Pipeline Construction in Cook Inlet by the Pulling Method
- J.R. Eaton (Amoco Production Co.)
- Document ID
- Society of Petroleum Engineers
- Journal of Petroleum Technology
- Publication Date
- March 1977
- Document Type
- Journal Paper
- 242 - 248
- 1977. Society of Petroleum Engineers
- 1.6 Drilling Operations, 4.2.4 Risers, 4.2.2 Pipeline Transient Behavior, 4.2 Pipelines, Flowlines and Risers, 2.4.3 Sand/Solids Control, 4.2.5 Offshore Pipelines, 3 Production and Well Operations, 5.5.2 Core Analysis
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Twin marine pipelines were installed in Alaska's Cook Inlet by the pull method. The procedure used a locally available barge equipped with an auxiliary anchoring and pulling system. This paper describes the planning, design, and construction methods for the operation.
Amoco Production Co. operates four platforms in Cook Inlet, Alaska, for the Chakachatna Group consisting of Phillips Petroleum Co., Skelly Oil Co., Atlantic Phillips Petroleum Co., Skelly Oil Co., Atlantic Richfield Co., Standard Oil Co. of California, and Amoco Production Co. Two of these, Platforms Anna and Bruce, Production Co. Two of these, Platforms Anna and Bruce, were constructed in 1966 in the Granite Point field. Concurrent with platform construction, twin 10 3/4-in. concrete-jacketed pipelines were constructed from these platforms to a treating facility at East Foreland as shown platforms to a treating facility at East Foreland as shown in Fig. 1, an orientation map of Cook Inlet. Since that time, the gas line has suffered seven failures and the oil line has faded twice. The latest gas-line failure occurred on Jan. 11, 1974, and the second oil-line failure occurred on Feb. 22, 1974. Failure of the oil line required shutting in the platforms until May 1 (68 days) while awaiting ice-free conditions in Cook Inlet, when a barge could be moved on location to repair the lines. In an attempt to preclude future production loss and reduce pipeline preclude future production loss and reduce pipeline operating costs, new twin 6 5/8-in. lines were constructed between Platform Bruce and the Mobil Oil Corp. treating facility at Granite Point. Although the onshore lines were installed conventionally, the offshore lines were installed somewhat uniquely by the pull method using an anchored barge. This paper discusses the procedures used in constructing the offshore lines.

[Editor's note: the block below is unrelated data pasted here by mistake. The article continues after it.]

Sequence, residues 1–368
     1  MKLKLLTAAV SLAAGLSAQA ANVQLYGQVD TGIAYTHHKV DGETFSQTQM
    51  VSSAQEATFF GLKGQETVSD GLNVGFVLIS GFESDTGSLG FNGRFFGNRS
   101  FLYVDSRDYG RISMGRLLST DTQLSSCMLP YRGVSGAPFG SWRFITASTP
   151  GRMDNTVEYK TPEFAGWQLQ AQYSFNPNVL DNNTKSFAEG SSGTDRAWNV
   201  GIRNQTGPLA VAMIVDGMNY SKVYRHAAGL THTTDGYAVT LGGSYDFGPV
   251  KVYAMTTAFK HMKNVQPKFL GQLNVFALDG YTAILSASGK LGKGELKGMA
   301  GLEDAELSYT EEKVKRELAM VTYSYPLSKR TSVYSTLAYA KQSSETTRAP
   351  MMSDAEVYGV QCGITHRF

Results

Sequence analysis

Cook Inlet Environmental Factors
Cook Inlet is a marine estuary about 160 miles long and covers some 7,000 sq miles. Near its mouth it is 60 miles wide and as much as 300 ft deep, with tides ranging to about 14 ft. In the area of Middle Ground Shoal, the tidal range is about 30 ft. Tidal currents north of East and West Foreland average 4 knots, but in local areas may be as high as 8 knots. The water is turbid, ranging to 440 ppm suspended solids, and is almost opaque. In the summer, the water temperature may be as high as 55 deg. F; however, in winter it drops to around 28 deg. F. Upper Cook Inlet in the winter months is characterized by large floating ice pans 3 1/2 to 4 ft thick that preclude operation of work barges during the ice season. The construction season is considered to be the ice-free season beginning around April 15-30 and ending between Nov. 15 and Dec. 15. Therefore, timing and logistics are extremely important factors in all Cook Inlet marine operations.
Study of Alternatives
After failure of the Granite Point pipelines in early 1974, a study was initiated to determine the best method of permanent repair or replacement of the existing lines. permanent repair or replacement of the existing lines. This study concluded that the prospect of permanently repairing the existing pipelines was remote, that twin 6 5/8-in. pipelines between Platform Bruce and Granite Point would handle future production from Platforms Point would handle future production from Platforms Anna and Bruce, and that the marine portion of the lines could be pulled from a beach site on Granite Point without the use of a lay barge. In addition, it was concluded that temporary repair of the existing lines was justified because the platforms could be returned to production at least 5 months before new lines could be constructed and to recover some 9,300 bbl of crude in the oil line that could cause a major pollution incident.
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